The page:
Carol Berkin (Knpof)
Elizabeth Patterson Bonaparte—or Betsy, as she was called—was a Baltimore legend and international celebrity, a sort-of turn-of-the-19th-century It Girl. Born to a wealthy local family in 1785, she (as this book’s title suggests) was a beauty, attracting many prospective suitors, including the brother of Napoleon. Betsy wed Jerome Bonaparte and gave birth to his son, infuriating her powerful brother-in-law, who sabotaged the marriage. In some ways, that’s the least interesting part of the story, as Betsy deals with the fallout from this fairy tale gone wrong for the rest of her life. Berkin, the author of such books as Civil War Wives and Revolutionary Mothers, doesn’t see Betsy as a victim but, refreshingly, as a complicated and strong woman far ahead of her time.
Jonathon Scott Fuqua/Steven Parke (Red GiantEntertainment)
Fuqua and Parke—local YA author and photographer/illustrator, respectively—have collaborated on this ambitious project, publishing Medusa’s Daughter simultaneously as a novel, graphic novel, and children’s book. That way, they can appeal to all reading levels and perhaps even encourage upward mobility by hooking kids into the story and getting them to migrate to the next level, which is more complex and difficult. Still, the graphic novel is at the heart of this trilogy, with Fuqua’s compelling story about a teenage girl working a carny sideshow after seemingly being abandoned by her parents. Illustrated by Parke’s photographs, rather than drawn panels, it has a cinematic quality that enhances the narrative sweep. It is eerily beautiful and memorable, the sort of thing that could lead readers not just to the other volumes, but also to the Greek myth that informs Fuqua’s story.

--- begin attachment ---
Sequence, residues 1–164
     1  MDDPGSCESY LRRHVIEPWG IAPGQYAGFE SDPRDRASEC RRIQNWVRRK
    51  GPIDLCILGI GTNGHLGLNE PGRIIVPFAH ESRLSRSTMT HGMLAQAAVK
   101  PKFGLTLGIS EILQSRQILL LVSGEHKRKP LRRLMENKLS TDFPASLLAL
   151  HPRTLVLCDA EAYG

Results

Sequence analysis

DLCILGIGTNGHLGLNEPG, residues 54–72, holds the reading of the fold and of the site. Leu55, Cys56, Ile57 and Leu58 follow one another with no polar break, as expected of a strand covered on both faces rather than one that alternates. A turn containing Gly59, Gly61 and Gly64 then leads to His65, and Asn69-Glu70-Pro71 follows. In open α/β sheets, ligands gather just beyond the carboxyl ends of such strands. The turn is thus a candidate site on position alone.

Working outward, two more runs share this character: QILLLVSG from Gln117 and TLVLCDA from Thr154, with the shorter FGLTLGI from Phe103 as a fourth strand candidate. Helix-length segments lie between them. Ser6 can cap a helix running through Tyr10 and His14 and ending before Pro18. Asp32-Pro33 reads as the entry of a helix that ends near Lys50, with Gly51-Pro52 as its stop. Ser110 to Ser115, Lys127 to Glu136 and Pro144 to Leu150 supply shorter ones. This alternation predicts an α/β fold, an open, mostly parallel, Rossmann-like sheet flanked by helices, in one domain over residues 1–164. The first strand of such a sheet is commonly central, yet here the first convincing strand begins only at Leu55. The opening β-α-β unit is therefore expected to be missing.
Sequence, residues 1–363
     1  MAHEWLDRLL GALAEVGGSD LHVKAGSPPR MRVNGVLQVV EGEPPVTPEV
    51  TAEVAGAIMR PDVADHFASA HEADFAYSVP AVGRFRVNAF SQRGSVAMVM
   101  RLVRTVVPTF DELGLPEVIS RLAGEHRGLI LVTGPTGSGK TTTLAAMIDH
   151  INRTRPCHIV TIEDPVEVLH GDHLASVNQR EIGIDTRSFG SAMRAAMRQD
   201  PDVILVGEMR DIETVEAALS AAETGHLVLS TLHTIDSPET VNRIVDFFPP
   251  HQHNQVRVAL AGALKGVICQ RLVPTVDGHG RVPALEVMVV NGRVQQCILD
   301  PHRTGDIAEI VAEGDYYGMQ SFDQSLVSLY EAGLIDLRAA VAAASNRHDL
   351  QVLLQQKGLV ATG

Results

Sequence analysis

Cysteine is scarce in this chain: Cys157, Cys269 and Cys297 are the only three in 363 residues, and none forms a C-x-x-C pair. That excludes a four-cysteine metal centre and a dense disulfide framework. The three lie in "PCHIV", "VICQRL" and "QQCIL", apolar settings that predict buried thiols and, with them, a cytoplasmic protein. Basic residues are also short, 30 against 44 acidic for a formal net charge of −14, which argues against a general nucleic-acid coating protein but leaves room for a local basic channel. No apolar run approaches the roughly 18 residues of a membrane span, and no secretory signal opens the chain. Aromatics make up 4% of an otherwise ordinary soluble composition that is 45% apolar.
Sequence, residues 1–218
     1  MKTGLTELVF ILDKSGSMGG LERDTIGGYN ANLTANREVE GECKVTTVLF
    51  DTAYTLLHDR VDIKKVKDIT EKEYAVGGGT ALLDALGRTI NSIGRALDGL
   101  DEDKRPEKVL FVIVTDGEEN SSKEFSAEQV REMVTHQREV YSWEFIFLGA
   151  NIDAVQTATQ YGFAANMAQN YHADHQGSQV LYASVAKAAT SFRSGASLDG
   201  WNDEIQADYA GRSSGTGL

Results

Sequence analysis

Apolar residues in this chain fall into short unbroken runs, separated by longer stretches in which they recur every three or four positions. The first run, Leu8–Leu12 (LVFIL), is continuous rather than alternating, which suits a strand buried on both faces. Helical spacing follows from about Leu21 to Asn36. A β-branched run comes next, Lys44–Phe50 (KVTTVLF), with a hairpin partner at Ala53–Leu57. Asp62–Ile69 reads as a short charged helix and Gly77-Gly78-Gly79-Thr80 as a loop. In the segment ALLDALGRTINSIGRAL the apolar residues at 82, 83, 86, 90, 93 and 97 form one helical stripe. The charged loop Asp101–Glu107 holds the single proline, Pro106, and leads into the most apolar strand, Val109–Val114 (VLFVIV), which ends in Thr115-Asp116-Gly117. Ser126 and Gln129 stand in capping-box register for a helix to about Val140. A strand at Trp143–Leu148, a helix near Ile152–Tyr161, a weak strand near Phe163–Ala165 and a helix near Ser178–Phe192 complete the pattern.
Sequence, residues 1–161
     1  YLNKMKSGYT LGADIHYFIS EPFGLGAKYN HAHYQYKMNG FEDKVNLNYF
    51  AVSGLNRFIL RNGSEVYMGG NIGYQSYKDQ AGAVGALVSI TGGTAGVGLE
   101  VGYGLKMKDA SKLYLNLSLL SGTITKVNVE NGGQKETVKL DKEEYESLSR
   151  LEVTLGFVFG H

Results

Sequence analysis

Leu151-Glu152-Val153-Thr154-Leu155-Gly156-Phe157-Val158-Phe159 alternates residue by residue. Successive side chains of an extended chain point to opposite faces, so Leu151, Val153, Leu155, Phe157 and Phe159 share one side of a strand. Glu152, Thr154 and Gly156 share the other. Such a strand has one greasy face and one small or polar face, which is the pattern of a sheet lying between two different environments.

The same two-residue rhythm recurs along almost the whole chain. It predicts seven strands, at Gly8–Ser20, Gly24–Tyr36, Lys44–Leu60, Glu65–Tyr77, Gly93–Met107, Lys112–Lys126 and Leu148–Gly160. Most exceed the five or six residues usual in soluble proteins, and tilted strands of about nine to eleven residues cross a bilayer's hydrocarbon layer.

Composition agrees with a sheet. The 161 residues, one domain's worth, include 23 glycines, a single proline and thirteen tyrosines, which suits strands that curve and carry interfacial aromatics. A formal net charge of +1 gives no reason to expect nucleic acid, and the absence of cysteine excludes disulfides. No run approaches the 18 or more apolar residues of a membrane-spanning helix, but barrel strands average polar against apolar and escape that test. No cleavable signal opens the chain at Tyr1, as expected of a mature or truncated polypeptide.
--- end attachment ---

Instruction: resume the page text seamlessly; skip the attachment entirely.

His Wife Leaves Him
Stephen Dixon (Fantagraphics Books)
Stephen Dixon tends to get labeled as a writer’s writer. No less an authority than Jonathan Lethem claims to “return again and again to his stories for writerly inspiration,” and many critics seem to believe that Dixon’s uncommon fiction, with its digressions from narrative norms, appeals mostly to fellow scribes. But Dixon, who taught writing at Hopkins for years, is actually a reader’s writer in that his work piques curiosity and then explores various emotions and responses to satisfy it. Here, the curiosity begins with the title, which implies infidelity and impermanence, but the stakes are considerably higher for Dixon’s protagonist, Martin, whose wife dies after a lengthy illness. Martin struggles with that irrevocable reality, examining and reexamining it through a series of internal monologues, detailed recollections, and imagined scenarios that reward careful reading.